U.S. National Park Service

U.S. National Park Service

U.S. federal agency that manages 58 national parks, many national monuments, and other conservation and historical properties.

Location / Topography:

Most of the territory covered by the National Park Service is located in the western and eastern states, as well as in Alaska. On the Atlantic coast, parks areas are mainly in coastal plains with deciduous and broad-leaf forests. Tropical and mixed forest cover are characteristic of the southern states.

Parks in the western states are largely in the Rocky and Coastal mountain ranges, some with heavy forest cover. In the Great Basin, parks primarily have rocky terrain with coniferous forests, and in Alaska, the terrain is both mountainous and taiga with boreal forest cover.

The climate varies from subarctic in Alaska, tropical to subtropical in southeast, to Mediterranean and temperate along the West coast.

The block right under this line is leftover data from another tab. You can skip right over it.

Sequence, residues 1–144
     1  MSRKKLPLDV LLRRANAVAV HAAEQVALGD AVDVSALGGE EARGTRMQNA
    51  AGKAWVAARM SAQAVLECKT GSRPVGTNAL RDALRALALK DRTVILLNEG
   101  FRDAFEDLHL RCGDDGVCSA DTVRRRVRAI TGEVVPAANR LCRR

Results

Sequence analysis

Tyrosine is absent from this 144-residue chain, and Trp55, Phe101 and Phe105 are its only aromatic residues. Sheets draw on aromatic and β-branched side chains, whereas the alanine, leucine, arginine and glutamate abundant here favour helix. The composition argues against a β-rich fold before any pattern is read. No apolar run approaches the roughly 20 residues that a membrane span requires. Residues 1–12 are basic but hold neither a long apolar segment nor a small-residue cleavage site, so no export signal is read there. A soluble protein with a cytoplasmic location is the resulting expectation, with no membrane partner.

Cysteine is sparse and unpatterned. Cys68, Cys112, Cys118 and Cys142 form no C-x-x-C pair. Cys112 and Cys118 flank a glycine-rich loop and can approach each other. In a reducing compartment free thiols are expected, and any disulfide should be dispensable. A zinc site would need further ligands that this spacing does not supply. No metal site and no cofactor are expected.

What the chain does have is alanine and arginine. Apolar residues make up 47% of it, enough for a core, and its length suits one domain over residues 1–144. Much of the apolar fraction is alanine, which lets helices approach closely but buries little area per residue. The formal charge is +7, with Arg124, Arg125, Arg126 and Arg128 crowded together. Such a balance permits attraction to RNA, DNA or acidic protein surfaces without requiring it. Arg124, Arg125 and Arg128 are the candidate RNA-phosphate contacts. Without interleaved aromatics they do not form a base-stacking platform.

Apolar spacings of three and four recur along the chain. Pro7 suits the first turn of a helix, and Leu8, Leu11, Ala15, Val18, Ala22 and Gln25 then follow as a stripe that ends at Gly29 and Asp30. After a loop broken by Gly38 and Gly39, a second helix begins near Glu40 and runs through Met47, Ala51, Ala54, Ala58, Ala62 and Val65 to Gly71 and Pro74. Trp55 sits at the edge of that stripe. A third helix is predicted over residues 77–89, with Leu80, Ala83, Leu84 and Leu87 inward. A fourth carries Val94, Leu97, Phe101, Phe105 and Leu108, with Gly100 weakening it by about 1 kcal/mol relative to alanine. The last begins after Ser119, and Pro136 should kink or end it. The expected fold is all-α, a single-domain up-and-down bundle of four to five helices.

The U.S. National Park Service has been an FTS customer since 1990.

Network Description

The National Park Service employs fire RAWS for fire danger and fire weather monitoring as part of protecting and maintaining national parks and other conservational and historical areas. This is also extremely important due to the volume of recreational visitors in these areas at any given time.

Number of FTS Stations:
86 (80 fixed, 6 portable)
Telemetry
  • GOES satellite systems
  • Voice over radio (AirTalk)
Fire Indices Used:

NFDRS (National Fire Danger Rating System, U.S.)

Sensors
  • Wind speed / direction
  • Air temperature / relative humidity
  • Rain gauge
  • Solar radiation
  • Fuel stick

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